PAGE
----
The MOA of a drug and how the Drug affects the body is known as?
A drug which resides in an inactive form (as manufactured) and when administered is transformed (metabolized) into an active compound (capable of inducing pharmacological effect) is known as what?
What 3 criteria are used for Pharmaceutical equivalence?
1) Same active ingredients
2) Same dosage form/route of administration
3) Same strength/concentration of active ingredient
*And meet the same standards for quality/purity
A field of study of the appropriate use of medications to effectively treat or prevent disease and manage symptoms, using evidence-based medicine, is known as?
What is the definition of Pharmaceutical alternatives?
i.e., what is the same and what is different
Same active drug but different salts/complexes, or different dosage forms or strengths
What is Bioequivalence and the % range?
- Similar rate and extent of absorption
- 80-125% of reference product
What is the criteria for a drug to be considered therapeutically equivalent?
i.e., what 2 types of equivalence and also must have the same what?
- Must be pharmaceutically-equivalent and bio-equivalent AND expected to have the same:
1) Therapeutic (clinical) effect
2) Safety profile
What are the 3 pregnancy risk categories for drugs used by the FDA?
1) Pregnancy (includes labor and delivery)
2) Lactation (includes nursing mothers)
3) Females and Males of Reproductive potential
What are the 2 categories of legend drugs (prescription required)?
1) Non-scheduled/Non-controlled: NO abuse potential
2) Scheduled/controlled (C-I thru C-V): based on abuse potential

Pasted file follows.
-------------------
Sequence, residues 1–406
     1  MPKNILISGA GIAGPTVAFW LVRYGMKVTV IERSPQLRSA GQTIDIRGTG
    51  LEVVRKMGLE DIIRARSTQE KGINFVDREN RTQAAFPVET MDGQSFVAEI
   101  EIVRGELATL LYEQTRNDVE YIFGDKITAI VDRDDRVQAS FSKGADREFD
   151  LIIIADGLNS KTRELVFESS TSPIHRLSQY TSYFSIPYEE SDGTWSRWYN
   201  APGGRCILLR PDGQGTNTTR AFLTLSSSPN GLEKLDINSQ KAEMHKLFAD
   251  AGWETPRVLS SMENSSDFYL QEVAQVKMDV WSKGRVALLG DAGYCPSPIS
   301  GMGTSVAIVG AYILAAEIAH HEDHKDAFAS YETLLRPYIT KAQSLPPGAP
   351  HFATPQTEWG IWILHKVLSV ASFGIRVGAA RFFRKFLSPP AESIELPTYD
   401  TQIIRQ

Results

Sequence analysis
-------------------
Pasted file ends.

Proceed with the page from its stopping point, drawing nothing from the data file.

How does the number designation C-I thru C-V related to the abuse potential of scheduled drugs?
Lower risk of abuse the higher the number (i.e., C-IV or C-V)
The numeric designation of scheduled drugs has an impact on what 3 things?
- Dispense quantitiy
- Refills allowed
- Prescriptions' life-span
What is q.h.s?
Every night at bedtime
What is a.c. vs. p.c.?
- a.c. = before meals
- p.c. = after meals
Differentiate o.d., o.s., and o.u. for administration of drugs for the eye.
- o.d. = right eye
- o.s. = left eye
- o.u. = both eyes
Differentiate a.d., a.s., and a.u. for administration of drugs for the ears.
- a.d. = right ear
- a.s. = left ear
- a.u. = both ears
What is gtt?
What is ut. dict. (u.d.)?
What is t.r.a.?
To run at
What is k.v.a.?
Keep vein open (a "slow" infusion rate)
What does D5W/D10W/D50W refer to?
- "x"% dextrose in water
- D5W = 5% dextrose in water = 5 grams in 100 mL
If you give 25cc of D50W how many grams of dextrose were given?
*25cc = 25 mL and there are 50g of dextrose per 100 mL